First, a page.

After having driven Sprinters for hours at a time, I can attest to the comfort part; the seats up front are nicely supportive, the driving position is flexible (thanks to a tilt/telescoping steering column) and the big outside mirrors include a convex portion that’s great for helping keep the Sprinter between the lines on the road. A back-up camera would be nice, especially on the versions with no rear windows, and it’s available as an optional add-on.

The 4×4 Sprinters offer up to 20% more traction than the rear drive models, but the cargo volume and towing capacity are nearly the same.

“There’s not a lot of trade-off,” Calwell said. “You get the added functionality but you don’t lose the capacity you’re looking for in a Sprinter.”

He noted the 4×4 technology adds about 270 lbs (most of which is up front) to the vehicle’s weight compared to the rear wheel drive version, and the 4×4 bodies are about three inches higher at the rear and nearly four inches up front. Axle heights are the same in both versions, however.

“What this does is increase some of the approach angles, the breakover angles,” Calwell said. “They’re all improved by about 10 degrees, and the wading depth, for those who are going to take it through a shallow creek, is improved by about five inches.”

Ersetzt 2006VAN2567 basiert auf 2009VAN1560

The actual ground clearance, at about eight inches, is the same in both versions. “The body is lifted but the actual driveline isn’t changed,” Calwell noted. The 4×4 Sprinters do have a slightly smaller fuel tank (93 litres versus 100), however. 

The company refers to the Sprinters as 4×4, as opposed to the 4MATIC moniker it puts on its passenger cars and SUVs, because the systems are different.

“On the 4MATIC, the customer has no way of turning it on and off,” Calwell said, “but you have to activate it with the Sprinter, which we think will be good for commercial customers because when they don’t need it they’re saving a bit of fuel.”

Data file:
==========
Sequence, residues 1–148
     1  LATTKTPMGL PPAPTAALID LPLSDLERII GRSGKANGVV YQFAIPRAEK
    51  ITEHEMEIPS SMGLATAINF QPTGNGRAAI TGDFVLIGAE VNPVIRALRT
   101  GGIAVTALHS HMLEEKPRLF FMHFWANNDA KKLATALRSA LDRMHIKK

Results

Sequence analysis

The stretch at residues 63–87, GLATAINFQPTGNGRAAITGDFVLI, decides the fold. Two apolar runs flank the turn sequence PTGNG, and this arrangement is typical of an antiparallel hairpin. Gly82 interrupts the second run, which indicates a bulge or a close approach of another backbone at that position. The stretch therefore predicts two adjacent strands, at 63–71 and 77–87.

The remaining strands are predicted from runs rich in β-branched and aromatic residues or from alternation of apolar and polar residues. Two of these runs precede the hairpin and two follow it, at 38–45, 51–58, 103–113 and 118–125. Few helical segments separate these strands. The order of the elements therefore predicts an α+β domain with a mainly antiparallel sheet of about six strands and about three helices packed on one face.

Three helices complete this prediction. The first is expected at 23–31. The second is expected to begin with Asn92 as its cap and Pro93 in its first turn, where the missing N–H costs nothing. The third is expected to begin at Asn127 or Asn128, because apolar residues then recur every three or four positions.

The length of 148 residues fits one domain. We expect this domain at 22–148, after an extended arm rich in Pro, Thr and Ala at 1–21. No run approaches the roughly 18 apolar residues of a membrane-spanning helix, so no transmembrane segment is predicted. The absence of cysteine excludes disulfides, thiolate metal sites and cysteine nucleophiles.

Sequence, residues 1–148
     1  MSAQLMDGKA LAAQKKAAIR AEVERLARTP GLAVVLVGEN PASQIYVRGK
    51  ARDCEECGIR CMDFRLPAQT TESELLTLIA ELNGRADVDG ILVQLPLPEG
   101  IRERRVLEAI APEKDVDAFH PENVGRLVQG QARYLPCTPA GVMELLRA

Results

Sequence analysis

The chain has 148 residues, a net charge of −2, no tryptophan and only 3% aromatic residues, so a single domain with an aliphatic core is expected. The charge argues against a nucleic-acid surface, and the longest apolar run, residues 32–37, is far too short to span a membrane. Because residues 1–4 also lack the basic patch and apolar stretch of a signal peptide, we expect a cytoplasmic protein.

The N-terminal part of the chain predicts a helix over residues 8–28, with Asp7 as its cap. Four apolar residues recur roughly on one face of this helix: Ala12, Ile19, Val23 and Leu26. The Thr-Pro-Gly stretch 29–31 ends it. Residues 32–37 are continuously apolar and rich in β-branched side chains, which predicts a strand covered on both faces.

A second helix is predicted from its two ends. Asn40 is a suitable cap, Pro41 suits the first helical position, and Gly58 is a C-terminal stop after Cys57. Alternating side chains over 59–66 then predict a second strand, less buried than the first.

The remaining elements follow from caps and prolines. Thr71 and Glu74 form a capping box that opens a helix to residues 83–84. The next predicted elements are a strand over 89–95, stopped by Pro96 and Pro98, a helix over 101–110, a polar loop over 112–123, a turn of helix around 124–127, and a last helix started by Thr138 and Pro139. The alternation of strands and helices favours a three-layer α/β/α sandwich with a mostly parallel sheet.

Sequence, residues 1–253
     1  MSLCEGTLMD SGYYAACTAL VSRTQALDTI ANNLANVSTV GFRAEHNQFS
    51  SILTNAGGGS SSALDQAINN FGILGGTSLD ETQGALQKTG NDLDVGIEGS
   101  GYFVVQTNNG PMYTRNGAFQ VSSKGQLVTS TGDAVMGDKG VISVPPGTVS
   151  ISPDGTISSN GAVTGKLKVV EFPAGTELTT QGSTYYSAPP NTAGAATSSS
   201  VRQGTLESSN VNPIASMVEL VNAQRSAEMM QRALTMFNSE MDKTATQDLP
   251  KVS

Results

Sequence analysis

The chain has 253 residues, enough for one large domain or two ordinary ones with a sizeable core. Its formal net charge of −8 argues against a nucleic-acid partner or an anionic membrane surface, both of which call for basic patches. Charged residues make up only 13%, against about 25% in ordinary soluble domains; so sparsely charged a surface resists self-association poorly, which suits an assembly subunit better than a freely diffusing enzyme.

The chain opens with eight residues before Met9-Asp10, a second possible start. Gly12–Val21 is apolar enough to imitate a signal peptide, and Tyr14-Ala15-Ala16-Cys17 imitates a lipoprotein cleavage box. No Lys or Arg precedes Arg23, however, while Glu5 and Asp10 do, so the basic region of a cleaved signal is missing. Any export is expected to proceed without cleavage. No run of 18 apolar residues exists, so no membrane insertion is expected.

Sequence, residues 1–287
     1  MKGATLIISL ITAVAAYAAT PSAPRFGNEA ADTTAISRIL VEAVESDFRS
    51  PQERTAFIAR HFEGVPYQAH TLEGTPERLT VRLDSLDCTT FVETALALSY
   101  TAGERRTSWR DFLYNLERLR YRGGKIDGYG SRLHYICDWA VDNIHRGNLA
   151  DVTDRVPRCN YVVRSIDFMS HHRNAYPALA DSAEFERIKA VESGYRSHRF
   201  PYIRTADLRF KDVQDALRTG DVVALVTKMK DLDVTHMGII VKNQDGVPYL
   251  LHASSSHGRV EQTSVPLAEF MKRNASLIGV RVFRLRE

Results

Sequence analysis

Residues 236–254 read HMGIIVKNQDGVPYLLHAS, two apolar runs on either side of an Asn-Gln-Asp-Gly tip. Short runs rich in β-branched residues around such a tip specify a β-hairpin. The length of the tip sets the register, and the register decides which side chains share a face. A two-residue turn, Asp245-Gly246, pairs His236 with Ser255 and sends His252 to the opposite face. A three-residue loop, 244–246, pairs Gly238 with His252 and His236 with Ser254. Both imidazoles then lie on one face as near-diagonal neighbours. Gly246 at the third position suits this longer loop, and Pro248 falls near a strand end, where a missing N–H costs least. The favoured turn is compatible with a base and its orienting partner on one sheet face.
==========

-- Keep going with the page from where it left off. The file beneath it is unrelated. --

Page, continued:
The 4MATIC system also features a limited slip centre differential and variable torque split between front and rear axles, whereas Sprinter 4x4s have a fixed torque split of 35:65 front/rear. It also has no mechanical locks, which Calwell said helps keep the system light weight.

“We’ve kept it pretty simple,” he said. “It’s really just a differential, transfer case and a few extra parts.” The system is basically an extension of Mercedes-Benz’ Adaptive ESP system – its Electronic Stability Program – which monitors vehicle load status continuously to “ensure the proper amount of intervention in critical situations.”  The system is activated via a button on the instrument panel, and the vehicle has to be moving below 10 km/h.

The 2500 series comes standard with a new Crosswind Assist feature (which isn’t available currently on the 3500 models) that’s activated at speeds over 80 km/h and uses the ABS to help ensure the vans don’t behave like big sails when things get blustery. It shuts off if there’s steering input, however, which Calwell said is so “you won’t have a problem where it brakes too much, you go to correct as well, and then drive off the road.”

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Mercedes also makes available as options the kind of nanny aids that are becoming popular on passenger cars these days, such as blind spot, lane keeping and high beam assists as well as collision prevention. There’s also a low range feature that can be engaged manually via a button on the dash when the vehicle is stationary. Customers can also add Downhill Speed Regulation (DSR) to the low range option. It’s push-button activated and works like cruise control, letting you set it at speeds between four and 18 km/h.